Through research, you would be able to come to know most of your client team’s needs and expectations. After this, you should make time to revisit the reasons why the project event is being conducted in the first place. Review your main client contract and ask their team some to-the-point questions. Before creating a project plan, you could inquire about the general risks involved, the process itself, or any organizational politics that may exist. It indirectly communicates to them how much you care about nailing this project activity, proving the professionalism and farsightedness of your team.    

10. Create Your Project Plan Outline

Now that you’ve got all the information and leads that you needed, it’s time to start working on the plan itself. It all begins with an outline. Take time to ponder over the client’s responses and weigh them against the project goals in your mind. Reflect and think of plausible approaches that could work in this context. If you’re clueless as to where you should start, you can always revisit the core questions mentioned above (Point 7) that highlight the whats, whos, and hows of the project. You could also recall any previous project management endeavors you’ve had that may be similar to this to obtain help. Many planners rely heavily on their experience to ensure effective practices in creating project plans. Keeping the questions discussed in point no. 7 in mind, you should also make sure that the outline set out;

  • Deliverables and the different possible ways of achieving them.
  • The client’s criteria and approval policies.
  • Estimated time of completion of the milestones and deliverables.
  • The means and resources needed to perform the required tasks, leading to the achievement of assigned deliverables.
  • A record of all the assumptions that you’ve made in devising the plan, and how reasonable they are in the particular organizational context.
  • A record of concrete information, containing absolutes such as the maximum budget and final deadlines.

The outline itself should be made based on this information. It doesn’t have to include every single detail, at least not yet. It’s a gruesome task to get a solid outline ready, but once prepared, it becomes the foundation of a successful, viable project plan.

11. Assign Tasks With Deadlines Based On The Outline

Now that you know what deliverables need to be ready by when, and every qualitative factor has been taken into account, the work itself begins. Break the event down into divisions according to the outline you’ve prepared (e.g. separating transport, catering, guest lists, registration, seating arrangements, etc.). Assign these divisions to different members of your team matching with their areas of expertise and skill. Transfer responsibility and authority to them for their particular section of the event, and instruct them to be clued to details. They must report the readiness of their section to you according to the deadlines you set.

12. Talk With Your Team

Project managers would always need to be available and in touch with their team members, constantly and consistently. Without clear communication, the question of effective leadership flies out the window. A project hugely relies on the conveyance of ideas, instructions, updates, feedback, questions, and answers. The manager must guide individuals where to start, show them the path, and identify the end-goal being pursued. It’s necessary to brief the entire team in such a thorough way to be able to get meaningful buy-in from them. You can’t really come up with a great project plan alone, it’s going to be a team effort. Each member of the team possesses some experience and skill with respect to the task at hand, and their ideas could help you out a ton. Two-way communication must be promoted to encourage brainstorming of ideas and making use of the smart people in the team.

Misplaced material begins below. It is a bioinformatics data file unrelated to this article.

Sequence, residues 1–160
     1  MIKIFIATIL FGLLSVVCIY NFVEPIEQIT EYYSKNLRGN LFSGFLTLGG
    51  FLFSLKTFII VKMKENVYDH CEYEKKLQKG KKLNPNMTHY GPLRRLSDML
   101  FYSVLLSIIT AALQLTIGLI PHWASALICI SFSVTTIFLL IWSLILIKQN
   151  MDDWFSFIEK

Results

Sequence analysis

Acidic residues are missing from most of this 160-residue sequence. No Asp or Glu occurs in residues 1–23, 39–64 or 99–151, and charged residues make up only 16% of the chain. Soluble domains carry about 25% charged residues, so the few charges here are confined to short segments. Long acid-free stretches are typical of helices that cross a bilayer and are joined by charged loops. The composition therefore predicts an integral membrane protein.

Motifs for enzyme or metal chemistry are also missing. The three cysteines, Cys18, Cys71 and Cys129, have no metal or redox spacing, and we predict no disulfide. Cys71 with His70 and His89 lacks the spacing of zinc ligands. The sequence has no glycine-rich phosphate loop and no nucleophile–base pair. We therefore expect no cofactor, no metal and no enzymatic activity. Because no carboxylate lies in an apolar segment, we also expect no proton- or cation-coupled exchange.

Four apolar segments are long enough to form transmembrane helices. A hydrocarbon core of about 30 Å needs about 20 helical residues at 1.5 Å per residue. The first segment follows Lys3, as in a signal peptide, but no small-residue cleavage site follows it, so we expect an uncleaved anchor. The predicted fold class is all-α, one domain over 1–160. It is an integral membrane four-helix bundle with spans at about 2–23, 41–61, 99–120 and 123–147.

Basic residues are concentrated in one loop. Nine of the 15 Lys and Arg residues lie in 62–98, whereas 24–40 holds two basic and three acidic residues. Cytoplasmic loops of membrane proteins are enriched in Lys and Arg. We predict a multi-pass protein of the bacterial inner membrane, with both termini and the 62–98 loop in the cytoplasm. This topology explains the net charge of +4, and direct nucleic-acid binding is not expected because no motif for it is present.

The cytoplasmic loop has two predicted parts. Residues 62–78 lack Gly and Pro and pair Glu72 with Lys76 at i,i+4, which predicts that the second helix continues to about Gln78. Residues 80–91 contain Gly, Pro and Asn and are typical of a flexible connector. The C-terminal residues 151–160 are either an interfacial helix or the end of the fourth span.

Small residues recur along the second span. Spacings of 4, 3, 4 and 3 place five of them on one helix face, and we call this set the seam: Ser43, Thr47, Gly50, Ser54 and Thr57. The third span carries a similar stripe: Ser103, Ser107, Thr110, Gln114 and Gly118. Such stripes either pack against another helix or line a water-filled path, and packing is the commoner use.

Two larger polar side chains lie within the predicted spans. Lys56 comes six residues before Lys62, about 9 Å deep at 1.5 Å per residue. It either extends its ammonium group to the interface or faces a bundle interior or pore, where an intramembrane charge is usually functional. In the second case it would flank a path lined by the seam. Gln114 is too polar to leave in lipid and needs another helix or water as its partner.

13. Write Your Full Project Plan

You’ve now created a complete outline, assigned tasks, and conducted effective communication with your team about project details. By now, there should be a comfortable vibe that inspires confidence in the project leader. This is the time to write out the entire foolproof plan, in its final form. Your outline is going to help you out a lot, but you may need to conduct informal group discussions to really absorb the ideas of the members of your team. Hopefully, after taking all the aforementioned steps effectively, you’ll know what to include in the plan. All that’s left is to actually write it down, which is a challenge in itself.

Your team will have to return to this document repeatedly throughout the course of the project, so it’s important to focus on its readability. Project plans, quite understandably, can be quite boring to read. You don’t want the participants to skim over what you’ve written, so some formatting skills would come in handy. Make sure the roles, deliverables, timeframes, and instructions are clear. Keep it simple; the easier it is for people to understand it, the better. It’s recommended to use a suitable online project planning tool to help you arrange your plan in a more readable and visually appealing format.

14. Publish Your Plan

The hard part is done by now, you’ve already constructed a rock-solid plan for the project at hand. You had to do tons of research, sketch outlines, arrange group discussions and whatnot. Now, you’re almost there. All that’s left to do is to get it reviewed by a senior team member before you send it over to the client. Sometimes, while the planner focuses on major issues, minor mistakes like getting the date wrong can commonly occur, and getting the plan reviewed will mitigate such risks.  

15. Share Your Plan With The Team And Make Sure They Read It!

Once it gets approved by executives, your plan is ready to be shared with the whole team. After all, they are the ones you created it for. This vital document must be reviewed and read thoroughly by everyone, regardless of their role. Encourage members to absorb the whole plan and not just the parts relevant to them, as learning about the big picture will tell them how important their particular section is.

16. Execute Your Plan

While creating a killer project plan may be the most challenging task a planner has, it’s definitely not the only one. Your managerial duties begin as soon as the first task is assigned, and every principle of effective management becomes applicable once more. Mainly, you need to constantly track your actual progress against the project plan. Make sure each person is performing their tasks diligently, and the deliverables are being achieved according to the timeframes set out in the plan. Wherever deviances occur, investigate the reasons and take steps to get things back on track. All the best!

Conclusion

Planning a successful project event or activities will be easy if you keenly follow these simple but very important tips from stat to finish. Make your planning easy for next vent by applying these tips and see how good the result it.